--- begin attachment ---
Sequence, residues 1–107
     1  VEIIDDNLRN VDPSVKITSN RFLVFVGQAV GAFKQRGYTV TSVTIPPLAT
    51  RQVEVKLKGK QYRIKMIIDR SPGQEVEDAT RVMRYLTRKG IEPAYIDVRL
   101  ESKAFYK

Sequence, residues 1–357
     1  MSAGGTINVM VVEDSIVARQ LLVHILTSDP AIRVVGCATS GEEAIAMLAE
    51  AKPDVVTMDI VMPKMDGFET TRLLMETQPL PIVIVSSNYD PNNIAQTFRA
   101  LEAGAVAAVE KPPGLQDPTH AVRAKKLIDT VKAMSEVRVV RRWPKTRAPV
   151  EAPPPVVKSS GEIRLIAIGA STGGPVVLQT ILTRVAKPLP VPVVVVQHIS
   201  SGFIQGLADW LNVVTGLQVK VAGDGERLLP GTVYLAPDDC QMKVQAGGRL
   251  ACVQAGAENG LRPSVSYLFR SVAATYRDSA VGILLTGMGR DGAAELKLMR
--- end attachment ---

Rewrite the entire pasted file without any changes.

Sequence, residues 1–107
     1  VEIIDDNLRN VDPSVKITSN RFLVFVGQAV GAFKQRGYTV TSVTIPPLAT
    51  RQVEVKLKGK QYRIKMIIDR SPGQEVEDAT RVMRYLTRKG IEPAYIDVRL
   101  ESKAFYK

Sequence, residues 1–357
     1  MSAGGTINVM VVEDSIVARQ LLVHILTSDP AIRVVGCATS GEEAIAMLAE
    51  AKPDVVTMDI VMPKMDGFET TRLLMETQPL PIVIVSSNYD PNNIAQTFRA
   101  LEAGAVAAVE KPPGLQDPTH AVRAKKLIDT VKAMSEVRVV RRWPKTRAPV
   151  EAPPPVVKSS GEIRLIAIGA STGGPVVLQT ILTRVAKPLP VPVVVVQHIS
   201  SGFIQGLADW LNVVTGLQVK VAGDGERLLP GTVYLAPDDC QMKVQAGGRL
   251  ACVQAGAENG LRPSVSYLFR SVAATYRDSA VGILLTGMGR DGAAELKLMR